January 16, 2012
Metal Man by Aaron Reynolds
Whenever he gets the chance, Devon heads over to watch the Metal Man work. His sister won’t go with him. She’s scared of the noise. Mama doesn’t even like what the Metal Man does. According to her, it isn’t art, but junk.
But Devon sees something more. He sees the work that goes into it and the heart. Still, sometimes he isn’t sure what he’s supposed to see in the sculptures. But this isn’t school and eventually Devon learns that with art there is no one right answer.
One day, he asks if he can try something. The Metal Man won’t let Devon handle the dangerous torch but he follows Devon’s directions and before the day is out, Devon is holding the star-house that he designed.
Paul Hoppe’s mixed media illustrations are a perfect compliment for this story. Bold black lines compliment Devon’s brass even as they also depict his complex emotions and the pure strength of the Metal Man’s craft.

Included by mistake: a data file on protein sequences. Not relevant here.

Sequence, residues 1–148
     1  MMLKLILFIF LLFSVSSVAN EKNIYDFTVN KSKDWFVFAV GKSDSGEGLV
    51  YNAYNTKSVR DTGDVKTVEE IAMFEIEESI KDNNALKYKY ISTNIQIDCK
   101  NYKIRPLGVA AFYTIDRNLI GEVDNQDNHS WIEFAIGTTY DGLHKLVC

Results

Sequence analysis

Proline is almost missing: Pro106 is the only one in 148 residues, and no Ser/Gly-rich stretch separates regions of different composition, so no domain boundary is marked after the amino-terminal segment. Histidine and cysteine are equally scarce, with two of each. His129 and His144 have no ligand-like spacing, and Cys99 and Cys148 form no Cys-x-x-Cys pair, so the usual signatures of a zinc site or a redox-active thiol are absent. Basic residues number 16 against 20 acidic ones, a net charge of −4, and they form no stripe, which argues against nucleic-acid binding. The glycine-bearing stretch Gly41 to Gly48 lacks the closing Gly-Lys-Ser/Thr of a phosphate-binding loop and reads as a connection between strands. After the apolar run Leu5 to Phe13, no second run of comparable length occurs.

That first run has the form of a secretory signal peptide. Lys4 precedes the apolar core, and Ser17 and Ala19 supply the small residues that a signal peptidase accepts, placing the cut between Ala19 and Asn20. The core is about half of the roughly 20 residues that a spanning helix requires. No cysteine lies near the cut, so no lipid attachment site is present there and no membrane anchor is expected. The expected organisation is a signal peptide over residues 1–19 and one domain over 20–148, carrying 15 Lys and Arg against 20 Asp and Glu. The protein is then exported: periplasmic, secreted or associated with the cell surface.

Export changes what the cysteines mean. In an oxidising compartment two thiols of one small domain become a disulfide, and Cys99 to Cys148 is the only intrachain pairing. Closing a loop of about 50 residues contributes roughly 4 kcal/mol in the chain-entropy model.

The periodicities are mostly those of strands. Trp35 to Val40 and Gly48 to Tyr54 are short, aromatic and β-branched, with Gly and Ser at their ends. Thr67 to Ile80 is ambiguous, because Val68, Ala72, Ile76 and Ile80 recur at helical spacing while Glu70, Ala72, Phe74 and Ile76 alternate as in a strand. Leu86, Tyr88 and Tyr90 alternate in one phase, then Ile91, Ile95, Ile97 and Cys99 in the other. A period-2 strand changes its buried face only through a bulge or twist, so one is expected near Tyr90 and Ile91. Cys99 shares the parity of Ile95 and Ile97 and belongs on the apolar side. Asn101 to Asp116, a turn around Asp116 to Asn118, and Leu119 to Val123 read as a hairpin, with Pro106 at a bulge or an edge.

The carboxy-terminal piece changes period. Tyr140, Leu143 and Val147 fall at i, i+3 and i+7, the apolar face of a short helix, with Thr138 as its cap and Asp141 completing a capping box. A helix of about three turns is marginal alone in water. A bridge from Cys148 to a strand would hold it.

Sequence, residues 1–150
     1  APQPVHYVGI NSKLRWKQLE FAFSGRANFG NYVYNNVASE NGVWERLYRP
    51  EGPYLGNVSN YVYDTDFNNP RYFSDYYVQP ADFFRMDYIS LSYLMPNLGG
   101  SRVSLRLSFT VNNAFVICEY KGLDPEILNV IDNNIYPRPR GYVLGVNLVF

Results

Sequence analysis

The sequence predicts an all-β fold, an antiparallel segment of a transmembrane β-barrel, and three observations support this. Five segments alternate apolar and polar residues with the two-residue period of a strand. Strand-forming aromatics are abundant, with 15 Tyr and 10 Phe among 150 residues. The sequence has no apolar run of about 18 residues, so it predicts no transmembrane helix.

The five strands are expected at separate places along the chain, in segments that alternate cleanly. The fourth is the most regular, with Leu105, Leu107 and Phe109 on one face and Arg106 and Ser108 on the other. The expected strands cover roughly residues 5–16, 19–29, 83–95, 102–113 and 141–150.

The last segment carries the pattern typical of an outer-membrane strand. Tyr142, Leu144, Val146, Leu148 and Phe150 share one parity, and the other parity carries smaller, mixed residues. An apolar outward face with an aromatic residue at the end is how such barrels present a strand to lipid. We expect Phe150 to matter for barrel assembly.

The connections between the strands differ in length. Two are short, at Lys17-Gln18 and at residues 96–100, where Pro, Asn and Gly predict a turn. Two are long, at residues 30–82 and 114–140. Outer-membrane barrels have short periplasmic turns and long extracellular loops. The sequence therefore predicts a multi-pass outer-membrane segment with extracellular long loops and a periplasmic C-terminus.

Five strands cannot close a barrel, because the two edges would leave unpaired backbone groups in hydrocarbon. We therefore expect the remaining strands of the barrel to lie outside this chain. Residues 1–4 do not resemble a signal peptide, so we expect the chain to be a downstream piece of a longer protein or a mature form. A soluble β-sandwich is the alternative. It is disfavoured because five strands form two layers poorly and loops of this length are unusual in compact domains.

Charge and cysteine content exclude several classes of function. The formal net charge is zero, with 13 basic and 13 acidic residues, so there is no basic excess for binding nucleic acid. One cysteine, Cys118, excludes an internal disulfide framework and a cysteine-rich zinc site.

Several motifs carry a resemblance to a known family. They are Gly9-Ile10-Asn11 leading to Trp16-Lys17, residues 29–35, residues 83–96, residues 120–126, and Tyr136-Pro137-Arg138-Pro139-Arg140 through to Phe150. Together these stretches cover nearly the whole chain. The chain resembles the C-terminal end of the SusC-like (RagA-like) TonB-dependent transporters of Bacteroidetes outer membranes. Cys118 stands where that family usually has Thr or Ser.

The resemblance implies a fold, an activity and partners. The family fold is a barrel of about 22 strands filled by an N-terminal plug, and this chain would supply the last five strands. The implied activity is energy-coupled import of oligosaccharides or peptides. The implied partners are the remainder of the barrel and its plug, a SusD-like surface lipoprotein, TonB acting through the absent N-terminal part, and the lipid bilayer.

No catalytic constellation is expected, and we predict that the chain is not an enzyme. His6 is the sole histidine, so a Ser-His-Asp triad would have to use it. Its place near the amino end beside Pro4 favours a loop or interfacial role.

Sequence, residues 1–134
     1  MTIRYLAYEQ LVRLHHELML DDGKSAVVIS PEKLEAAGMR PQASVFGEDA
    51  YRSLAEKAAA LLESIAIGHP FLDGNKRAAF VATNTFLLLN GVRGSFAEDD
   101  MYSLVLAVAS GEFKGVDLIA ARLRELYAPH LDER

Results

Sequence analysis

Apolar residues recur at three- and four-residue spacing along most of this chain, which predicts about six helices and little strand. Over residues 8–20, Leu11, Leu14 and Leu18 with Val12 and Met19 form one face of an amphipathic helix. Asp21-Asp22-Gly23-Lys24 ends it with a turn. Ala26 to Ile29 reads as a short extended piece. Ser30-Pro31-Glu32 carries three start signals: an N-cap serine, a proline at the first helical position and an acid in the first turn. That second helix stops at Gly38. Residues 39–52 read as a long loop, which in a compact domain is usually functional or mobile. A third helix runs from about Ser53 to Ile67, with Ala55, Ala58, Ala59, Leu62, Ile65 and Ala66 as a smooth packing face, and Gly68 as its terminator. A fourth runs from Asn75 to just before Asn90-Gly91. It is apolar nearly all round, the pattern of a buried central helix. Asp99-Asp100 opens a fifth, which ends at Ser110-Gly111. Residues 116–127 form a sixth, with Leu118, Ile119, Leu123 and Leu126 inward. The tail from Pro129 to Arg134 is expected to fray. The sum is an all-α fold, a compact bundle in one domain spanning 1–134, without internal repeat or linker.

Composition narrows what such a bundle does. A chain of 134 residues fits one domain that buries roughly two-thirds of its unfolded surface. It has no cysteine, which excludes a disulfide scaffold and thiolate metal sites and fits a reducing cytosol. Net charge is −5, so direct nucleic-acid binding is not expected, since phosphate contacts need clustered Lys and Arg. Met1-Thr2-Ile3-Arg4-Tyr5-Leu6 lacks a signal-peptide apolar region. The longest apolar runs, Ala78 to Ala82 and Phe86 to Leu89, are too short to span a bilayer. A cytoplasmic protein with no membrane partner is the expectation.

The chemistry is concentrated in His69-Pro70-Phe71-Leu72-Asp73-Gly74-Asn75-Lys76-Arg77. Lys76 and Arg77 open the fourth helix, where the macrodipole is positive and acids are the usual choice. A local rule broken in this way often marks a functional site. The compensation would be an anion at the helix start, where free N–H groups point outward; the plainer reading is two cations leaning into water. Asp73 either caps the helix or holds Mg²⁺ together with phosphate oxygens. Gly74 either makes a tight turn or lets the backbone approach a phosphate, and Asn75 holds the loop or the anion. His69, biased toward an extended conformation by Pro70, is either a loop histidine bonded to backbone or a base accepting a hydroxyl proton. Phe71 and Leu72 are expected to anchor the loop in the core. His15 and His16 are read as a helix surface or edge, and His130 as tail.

But this isn’t a bold story. The power is subtle. Nothing is said about Devon’s father; all we know is that he isn’t in the book. Is the Metal Man Devon’s mentor? A Big Brother? Again, nothing is said. All we see is first his tolerance of the boy but also the care he takes when Devon wants to create something of his very own.
It takes nerve on Devon’s part to bring his creation home. What is Mama going to think? He views on the Metal Man’s work are outspoken and clear. But Mama doesn’t have all the answers although she’s willing to see the art in what her son has created.
This book will definitely give you something to consider for quite some time. Even after a week, I know that I’m still process it.